By Brian Ward
Having a good record management system in place is vital to fire departments and the fire service as a whole. Accuracy is obviously always vital, and we also have to be able to understand what records we are looking at and how to use them in order to benefit us.
When selecting a record management system, ask yourself the following question: What can I derive from a useful, fact-based, and orderly information system? Some of these benefits include helping fire service management with strategic planning, creating budgets, documenting mandatory training, and justifying needed equipment and personnel.
Each fire department should research and find what fits their specific needs when it comes to selecting a records management system. When reviewing different systems available to fire departments, a great place to start is with reviewing NFPA 1401 Recommended Practice for Fire Service Training Reports and Records.
NFPA 1401 provides an excellent outline for what elements need to be documented, reviews of different types of training documents, and outlines how to evaluate the effectiveness of training records and the legal aspects of record keeping.
As you begin to research different systems, here are the five questions and areas to consider.
1. How user friendly is the system?
Most importantly, the ability of the fire department to input and derive information from the system should be your first consideration. If it is too difficult to input, it will not be used correctly. In addition, if you can not get valuable information out of the system, it’s defeating its purpose. "Garbage in is garbage out." The other aspect to this question is that the IT person should not be the one solely recommending systems — allow a panel of end users to select which is the most user friendly.
2. How will the system be "backed-up?"
With the unforeseen circumstance of the computer catching fire or crashing, will the system be backed-up on-site or off-site? There are advantages and disadvantages to both. Review both scenarios with each records management system and your IT personnel. However, having your system backed-up is a must.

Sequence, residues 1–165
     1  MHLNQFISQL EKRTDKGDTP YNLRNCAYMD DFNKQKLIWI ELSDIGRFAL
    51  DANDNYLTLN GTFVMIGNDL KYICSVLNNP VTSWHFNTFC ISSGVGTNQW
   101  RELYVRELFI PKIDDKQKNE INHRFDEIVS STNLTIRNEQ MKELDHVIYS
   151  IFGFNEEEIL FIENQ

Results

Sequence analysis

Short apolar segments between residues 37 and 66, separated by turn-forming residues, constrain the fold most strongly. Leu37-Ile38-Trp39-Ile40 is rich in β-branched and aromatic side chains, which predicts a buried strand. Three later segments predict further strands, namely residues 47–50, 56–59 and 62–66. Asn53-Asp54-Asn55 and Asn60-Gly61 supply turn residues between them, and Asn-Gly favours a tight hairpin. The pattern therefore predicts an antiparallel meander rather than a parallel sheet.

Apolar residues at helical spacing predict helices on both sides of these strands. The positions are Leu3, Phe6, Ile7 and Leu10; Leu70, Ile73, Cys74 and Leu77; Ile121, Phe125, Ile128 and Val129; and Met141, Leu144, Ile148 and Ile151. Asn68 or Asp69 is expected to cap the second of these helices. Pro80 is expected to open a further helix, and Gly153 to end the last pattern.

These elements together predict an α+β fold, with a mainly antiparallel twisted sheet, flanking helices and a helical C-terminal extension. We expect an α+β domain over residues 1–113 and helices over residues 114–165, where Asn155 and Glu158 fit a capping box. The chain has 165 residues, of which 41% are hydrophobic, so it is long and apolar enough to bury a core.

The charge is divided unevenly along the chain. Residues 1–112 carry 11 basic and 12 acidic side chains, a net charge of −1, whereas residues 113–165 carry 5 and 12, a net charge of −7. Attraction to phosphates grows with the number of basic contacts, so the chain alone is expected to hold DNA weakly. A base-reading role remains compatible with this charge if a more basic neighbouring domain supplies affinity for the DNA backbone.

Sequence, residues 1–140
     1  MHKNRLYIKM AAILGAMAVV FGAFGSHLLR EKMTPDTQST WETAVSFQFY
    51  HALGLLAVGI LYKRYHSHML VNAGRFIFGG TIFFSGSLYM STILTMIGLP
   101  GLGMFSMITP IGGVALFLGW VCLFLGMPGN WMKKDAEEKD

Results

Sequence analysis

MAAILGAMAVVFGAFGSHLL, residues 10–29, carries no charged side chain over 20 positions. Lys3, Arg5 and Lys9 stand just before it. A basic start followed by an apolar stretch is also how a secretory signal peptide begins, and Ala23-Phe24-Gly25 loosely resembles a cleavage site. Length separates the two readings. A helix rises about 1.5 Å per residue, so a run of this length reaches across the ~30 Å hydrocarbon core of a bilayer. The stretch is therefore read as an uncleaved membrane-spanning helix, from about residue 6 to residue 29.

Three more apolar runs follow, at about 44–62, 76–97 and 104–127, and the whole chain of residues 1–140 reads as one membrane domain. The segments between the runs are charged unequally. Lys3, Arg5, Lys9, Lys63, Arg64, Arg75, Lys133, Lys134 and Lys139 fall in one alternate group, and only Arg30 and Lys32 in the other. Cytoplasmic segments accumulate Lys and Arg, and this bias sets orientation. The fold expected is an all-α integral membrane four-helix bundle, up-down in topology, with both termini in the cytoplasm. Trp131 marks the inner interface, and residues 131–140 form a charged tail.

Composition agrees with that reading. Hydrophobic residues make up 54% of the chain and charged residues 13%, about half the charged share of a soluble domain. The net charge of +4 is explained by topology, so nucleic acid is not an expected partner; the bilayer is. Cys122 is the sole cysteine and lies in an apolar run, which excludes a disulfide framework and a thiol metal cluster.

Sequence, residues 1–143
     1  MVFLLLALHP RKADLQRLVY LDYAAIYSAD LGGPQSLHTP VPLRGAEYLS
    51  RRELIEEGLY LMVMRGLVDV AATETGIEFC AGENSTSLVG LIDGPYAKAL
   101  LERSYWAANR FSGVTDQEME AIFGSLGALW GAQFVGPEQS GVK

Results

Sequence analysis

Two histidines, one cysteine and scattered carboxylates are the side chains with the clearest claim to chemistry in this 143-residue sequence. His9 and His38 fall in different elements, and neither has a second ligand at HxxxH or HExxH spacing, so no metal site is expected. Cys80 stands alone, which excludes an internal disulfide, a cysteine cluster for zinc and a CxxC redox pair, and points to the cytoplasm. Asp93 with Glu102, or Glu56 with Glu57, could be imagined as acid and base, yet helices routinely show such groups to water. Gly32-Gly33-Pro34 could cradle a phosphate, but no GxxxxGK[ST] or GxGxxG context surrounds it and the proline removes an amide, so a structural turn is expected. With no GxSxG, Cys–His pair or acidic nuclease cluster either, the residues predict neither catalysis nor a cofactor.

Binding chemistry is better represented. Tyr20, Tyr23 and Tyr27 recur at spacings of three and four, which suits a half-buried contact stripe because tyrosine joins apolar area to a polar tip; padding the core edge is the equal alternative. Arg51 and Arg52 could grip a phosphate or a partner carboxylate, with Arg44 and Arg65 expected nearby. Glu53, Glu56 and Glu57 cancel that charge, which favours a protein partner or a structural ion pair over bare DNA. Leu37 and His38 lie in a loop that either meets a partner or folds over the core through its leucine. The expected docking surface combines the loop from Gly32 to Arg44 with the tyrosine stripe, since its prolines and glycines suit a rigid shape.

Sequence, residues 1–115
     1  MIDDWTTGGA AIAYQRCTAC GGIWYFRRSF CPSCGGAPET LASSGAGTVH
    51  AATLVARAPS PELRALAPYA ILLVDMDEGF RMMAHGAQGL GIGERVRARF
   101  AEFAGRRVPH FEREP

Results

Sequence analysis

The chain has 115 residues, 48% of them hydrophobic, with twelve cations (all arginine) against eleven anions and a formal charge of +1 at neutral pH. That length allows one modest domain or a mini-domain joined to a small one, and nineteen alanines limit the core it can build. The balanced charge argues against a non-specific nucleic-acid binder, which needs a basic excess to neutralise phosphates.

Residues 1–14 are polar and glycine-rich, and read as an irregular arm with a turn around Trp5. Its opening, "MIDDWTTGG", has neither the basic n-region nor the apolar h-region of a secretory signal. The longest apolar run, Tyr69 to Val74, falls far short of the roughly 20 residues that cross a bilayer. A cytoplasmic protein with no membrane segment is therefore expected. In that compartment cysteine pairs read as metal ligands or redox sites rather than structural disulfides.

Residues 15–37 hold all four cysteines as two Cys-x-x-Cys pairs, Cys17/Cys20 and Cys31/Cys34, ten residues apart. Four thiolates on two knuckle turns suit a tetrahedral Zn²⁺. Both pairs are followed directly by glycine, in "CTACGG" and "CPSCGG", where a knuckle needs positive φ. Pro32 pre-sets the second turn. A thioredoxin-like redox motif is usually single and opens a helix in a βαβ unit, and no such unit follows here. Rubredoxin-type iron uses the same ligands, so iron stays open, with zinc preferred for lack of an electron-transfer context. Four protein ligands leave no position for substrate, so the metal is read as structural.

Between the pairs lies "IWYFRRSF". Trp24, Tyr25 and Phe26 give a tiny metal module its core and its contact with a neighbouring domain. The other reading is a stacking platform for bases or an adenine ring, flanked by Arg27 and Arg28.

3. Is the cost worth the equipment?
Look at what you want your end result to be — what is your goal for this system? Do you need a $50,000 system for your training records that integrates into staffing technology? Or will a $200 Microsoft Office Excel Spreadsheet take care of everything that you need? Most record management systems are based on the departments size and sometimes volunteer vs. career contributes to the cost. There are places for both systems if your department fits that category.
4. Review the length of time the records need to be retained.
Different records (personnel, training and medical) have to be retained for different amounts of time. Review all applicable standards (local, NFPA, OSHA, etc.) to ensure compliance. Will the system be obsolete at the end of the retention period or can the information be upgraded with little down time or expense?
5. How will the system be secured?
The system should be secured with limited access to as few people as possible. There are privacy laws that guard against allowing just anyone to review personnel files, including training records. Generally, one person should be in charge of the system with one additional person to help manage the system. They should be equally trained and have the same rights. The system should also be password protected. In addition, anti-virus software should be used to help protect against outside intruders, a.k.a hackers.
These are just some of the issues that should be addressed when researching for a record management system, regardless whether it's for training, personnel, or medical records. Reviewing NFPA 1401, which is not too thick, should be able to provide a basic guideline (who, what, when, where and why) for what general topics need to be covered and maintained with your records.
For OSHA Medical Records, review OSHA 1910.1020(d).
For Annual Fit Test Requirements, review OSHA Respiratory Protection 1910.134(m)(2)(i).
Finally, this area also happens to fall into one of the Everyone Goes Home Life Safety Initiatives, "Initiative #7: Create a national research agenda and data collection system that relates to the initiatives." Although it says "national," make it your own local system.
When the numbers are used correctly, they can tell you a lot. In addition, we should be thinking about who is running our cities and counties. Most of them have a business, accounting, finance or public administration background. They understand hard facts, statistics and numbers that the fire department can put in front of them.
Brian Ward is a Training Officer in the Career Development Division for the Gwinnett County Fire Department and the Vice-Chairman of the Metro Atlanta Training Officers. Brian currently serves as a State of Georgia Advocate for Everyone Goes Home and Courage to be Safe Trainer. He holds an Associates Degree of Fire Science and is pursuing his Bachelors with the University of Cincinnati. He is also the Founder of FireServiceSLT.com and organizer of Gwinnett County Leadership and Safety Conference. Brian can be contacted at email@example.com.